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Snow and Ice Safety

By: Sarah Clark (ILEX) - Updated: 19 Aug 2010 | comments*Discuss
Snow And Ice Safety

Winter sports and any holidays that involve spending plenty of time outdoors in the snow and ice can be treacherous, and lead to accidents if you’re not aware of the dangers.

Even just walking on snow and ice can be tricky, and so if you’re just going out to explore your surroundings without so much as a ski in sight, you still need to be aware.

Walking in Snow and Ice

First, make sure that you have decent footwear on, in the form of some well designed, strong and properly insulated boots. Ensure that they have sturdy rubber soles so that there’s less chance of slipping on icy patches. Take short steps and walk more slowly – not only do you get to take in more of the surroundings but it makes it easier to respond to a change in the texture of snow, or an unexpected slide.

Taking Part in Winter Sports

If you want to ice skate, ski or snowboard, you really should have lessons with a qualified instructor first. It will help you become acclimatised to your chosen sport, make you safer on the slopes or rink, and even help you to learn how to get on and off a ski lift!

Do some exercise before you go. There are some fitness activities and exercises that you can do before hitting the slopes to get yourself ready for winter sports activities. It’s also important to stretch before and after you go skiing or snowboarding.

Hazards of the Cold Weather – Frostbite and Hypothermia

  • Frostbite can cause permanent damage, and is a severe reaction to cold temperatures which causes freezing in the deep layers of skin. If you’re getting frostbite, you’ll notice a loss of feeling and numbness in extremities (usually fingers, nose, toes or ears) and the skin might also appear waxy or pale.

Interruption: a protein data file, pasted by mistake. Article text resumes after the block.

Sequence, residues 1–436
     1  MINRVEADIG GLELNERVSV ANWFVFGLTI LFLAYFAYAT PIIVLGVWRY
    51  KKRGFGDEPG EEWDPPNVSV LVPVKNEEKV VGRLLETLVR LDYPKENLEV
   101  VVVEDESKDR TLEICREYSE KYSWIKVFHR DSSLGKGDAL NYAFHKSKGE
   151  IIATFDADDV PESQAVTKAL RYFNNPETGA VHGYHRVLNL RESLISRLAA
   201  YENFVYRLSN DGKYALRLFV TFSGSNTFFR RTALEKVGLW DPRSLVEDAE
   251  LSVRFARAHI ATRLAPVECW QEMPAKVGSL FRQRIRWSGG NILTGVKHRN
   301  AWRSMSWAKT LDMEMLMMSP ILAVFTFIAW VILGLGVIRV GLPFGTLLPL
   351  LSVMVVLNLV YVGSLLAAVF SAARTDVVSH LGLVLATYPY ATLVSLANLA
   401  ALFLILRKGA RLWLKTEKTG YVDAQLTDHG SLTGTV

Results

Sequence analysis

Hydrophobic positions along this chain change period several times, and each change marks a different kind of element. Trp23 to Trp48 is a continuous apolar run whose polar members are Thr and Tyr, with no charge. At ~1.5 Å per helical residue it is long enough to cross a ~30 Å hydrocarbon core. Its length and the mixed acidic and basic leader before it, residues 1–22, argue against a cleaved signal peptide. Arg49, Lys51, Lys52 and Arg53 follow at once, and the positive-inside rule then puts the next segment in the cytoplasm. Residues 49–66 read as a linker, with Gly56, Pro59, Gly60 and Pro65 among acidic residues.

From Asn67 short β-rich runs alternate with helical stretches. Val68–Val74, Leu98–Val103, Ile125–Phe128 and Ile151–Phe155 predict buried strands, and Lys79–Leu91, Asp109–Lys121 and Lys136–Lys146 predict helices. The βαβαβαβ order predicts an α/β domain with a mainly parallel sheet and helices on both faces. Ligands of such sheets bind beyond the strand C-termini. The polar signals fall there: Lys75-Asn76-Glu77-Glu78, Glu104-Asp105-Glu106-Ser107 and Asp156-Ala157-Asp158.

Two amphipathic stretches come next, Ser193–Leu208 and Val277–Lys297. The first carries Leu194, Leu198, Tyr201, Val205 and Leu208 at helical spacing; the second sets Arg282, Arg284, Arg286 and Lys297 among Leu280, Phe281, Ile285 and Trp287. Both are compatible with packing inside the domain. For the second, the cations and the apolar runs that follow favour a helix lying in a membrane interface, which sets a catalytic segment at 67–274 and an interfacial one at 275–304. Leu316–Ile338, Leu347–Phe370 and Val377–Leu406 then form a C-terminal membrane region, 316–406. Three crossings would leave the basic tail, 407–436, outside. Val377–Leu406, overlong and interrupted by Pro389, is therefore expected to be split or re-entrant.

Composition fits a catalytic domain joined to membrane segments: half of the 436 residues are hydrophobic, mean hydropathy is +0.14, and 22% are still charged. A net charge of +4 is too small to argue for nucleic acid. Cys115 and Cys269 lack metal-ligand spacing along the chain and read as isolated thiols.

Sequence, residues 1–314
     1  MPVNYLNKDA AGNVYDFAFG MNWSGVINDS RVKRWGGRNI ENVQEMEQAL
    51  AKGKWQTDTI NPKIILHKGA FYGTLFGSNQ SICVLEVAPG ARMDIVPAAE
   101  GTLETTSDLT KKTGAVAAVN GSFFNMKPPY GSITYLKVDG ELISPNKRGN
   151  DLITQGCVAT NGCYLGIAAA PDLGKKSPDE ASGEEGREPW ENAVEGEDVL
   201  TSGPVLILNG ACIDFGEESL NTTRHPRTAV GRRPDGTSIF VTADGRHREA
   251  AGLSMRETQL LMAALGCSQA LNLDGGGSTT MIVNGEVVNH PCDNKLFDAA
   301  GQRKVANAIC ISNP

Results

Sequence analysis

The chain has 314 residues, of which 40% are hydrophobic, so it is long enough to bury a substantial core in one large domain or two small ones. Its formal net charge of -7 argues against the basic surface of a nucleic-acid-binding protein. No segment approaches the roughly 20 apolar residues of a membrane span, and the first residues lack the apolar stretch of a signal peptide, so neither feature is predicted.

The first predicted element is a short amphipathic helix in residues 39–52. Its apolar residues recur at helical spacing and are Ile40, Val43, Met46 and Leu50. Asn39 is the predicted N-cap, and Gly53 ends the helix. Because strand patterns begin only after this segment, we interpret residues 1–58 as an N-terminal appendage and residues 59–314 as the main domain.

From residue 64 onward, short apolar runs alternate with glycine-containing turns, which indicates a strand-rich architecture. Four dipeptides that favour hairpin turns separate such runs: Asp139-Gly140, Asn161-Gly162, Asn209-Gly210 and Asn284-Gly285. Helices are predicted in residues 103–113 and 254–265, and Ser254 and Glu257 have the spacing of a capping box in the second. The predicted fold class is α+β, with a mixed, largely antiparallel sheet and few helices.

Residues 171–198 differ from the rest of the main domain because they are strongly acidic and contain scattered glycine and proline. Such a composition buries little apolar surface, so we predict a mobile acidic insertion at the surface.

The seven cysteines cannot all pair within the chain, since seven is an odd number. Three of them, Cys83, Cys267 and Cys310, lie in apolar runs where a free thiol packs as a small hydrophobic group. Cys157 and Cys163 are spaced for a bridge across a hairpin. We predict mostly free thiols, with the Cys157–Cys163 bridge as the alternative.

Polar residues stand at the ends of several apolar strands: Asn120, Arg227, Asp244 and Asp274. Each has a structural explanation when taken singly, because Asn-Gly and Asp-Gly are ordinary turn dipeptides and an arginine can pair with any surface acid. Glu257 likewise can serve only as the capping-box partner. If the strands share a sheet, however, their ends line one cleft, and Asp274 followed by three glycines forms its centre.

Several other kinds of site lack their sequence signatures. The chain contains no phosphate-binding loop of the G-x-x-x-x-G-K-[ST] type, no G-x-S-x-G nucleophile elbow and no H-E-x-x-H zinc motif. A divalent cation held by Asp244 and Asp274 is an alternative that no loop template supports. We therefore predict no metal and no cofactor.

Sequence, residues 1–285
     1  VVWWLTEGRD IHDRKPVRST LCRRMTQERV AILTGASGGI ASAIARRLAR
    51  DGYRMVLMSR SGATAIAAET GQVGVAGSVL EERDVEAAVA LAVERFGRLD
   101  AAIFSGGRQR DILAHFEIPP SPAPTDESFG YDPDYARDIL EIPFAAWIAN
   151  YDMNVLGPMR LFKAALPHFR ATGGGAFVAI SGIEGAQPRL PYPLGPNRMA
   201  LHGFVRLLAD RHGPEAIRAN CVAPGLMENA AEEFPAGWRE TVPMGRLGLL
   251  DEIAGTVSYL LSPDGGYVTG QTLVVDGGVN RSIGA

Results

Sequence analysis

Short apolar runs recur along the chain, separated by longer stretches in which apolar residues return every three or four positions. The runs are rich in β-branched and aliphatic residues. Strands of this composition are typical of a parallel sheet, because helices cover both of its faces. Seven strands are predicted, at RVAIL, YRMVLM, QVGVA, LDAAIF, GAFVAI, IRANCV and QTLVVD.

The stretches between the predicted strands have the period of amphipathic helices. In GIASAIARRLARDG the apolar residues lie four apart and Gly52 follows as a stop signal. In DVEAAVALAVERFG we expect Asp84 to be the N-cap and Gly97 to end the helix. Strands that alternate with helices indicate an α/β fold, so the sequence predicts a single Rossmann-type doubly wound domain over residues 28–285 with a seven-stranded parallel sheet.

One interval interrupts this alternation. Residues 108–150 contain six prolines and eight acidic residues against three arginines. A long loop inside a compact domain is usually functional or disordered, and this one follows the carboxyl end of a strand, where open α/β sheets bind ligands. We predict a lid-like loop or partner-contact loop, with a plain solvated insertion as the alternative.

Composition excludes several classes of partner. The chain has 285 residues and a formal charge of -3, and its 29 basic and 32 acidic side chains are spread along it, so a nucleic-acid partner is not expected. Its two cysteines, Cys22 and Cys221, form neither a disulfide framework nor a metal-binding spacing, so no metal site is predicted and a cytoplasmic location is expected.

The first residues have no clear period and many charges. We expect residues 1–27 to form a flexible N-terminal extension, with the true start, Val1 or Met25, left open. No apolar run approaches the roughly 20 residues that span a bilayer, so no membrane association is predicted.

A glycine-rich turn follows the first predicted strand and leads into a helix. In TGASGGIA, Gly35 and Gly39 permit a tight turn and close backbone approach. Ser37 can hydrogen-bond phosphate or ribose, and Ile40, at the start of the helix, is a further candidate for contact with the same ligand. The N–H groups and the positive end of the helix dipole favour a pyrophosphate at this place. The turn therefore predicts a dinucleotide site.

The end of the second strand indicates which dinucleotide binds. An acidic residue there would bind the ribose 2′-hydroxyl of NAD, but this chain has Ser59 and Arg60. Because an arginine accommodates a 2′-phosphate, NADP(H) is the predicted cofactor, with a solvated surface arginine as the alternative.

• Hypothermia happens when your body temperature drops too far, and the symptoms you need to watch out for are uncontrollable shivering, slow and slurred speech, stumbling, drowsiness, loss of memory and exhaustion.

If someone with you starts to show any symptoms of either condition, try to warm them up slowly and get medical help for them straight away. Start with their trunk and mid-section, and if possible use the heat from your own body to help warm them back up.

Leave arms and legs until later - warming the limbs first can drive colder blood toward their heart and potentially cause heart failure.

Get the affected person into dry clothes as soon as you can, then wrap them in a blanket. Don’t give anyone with frostbite or hypothermia tea or coffee, or anything containing caffeine, and the same applies to alcohol. Caffeine can make the heart beat faster and speed up the effects of the cold, while alcohol can slow it down and also increase the effects of cold body temperatures.

What is Snow Blindness?

Snow Blindness is what happens when your external cornea is damaged by ultra violet light, and can be very painful. Often you won’t know you’ve been affected until the day after the damage happens. The symptoms are a feeling of ‘gritty’ eyes, not being able to tolerate bright light, blurred vision and watery, painful eyes.

If you’re affected, protect the cornea from any further damage, and allow yourself at least 24 hours out of the sun. You can also try bathing your eyes in a teaspoon of table salt per cup of boiled water. Prevention is better than cure though – so try to remember to take some good quality wraparound sunglasses with UV filters when you are out in the snow!

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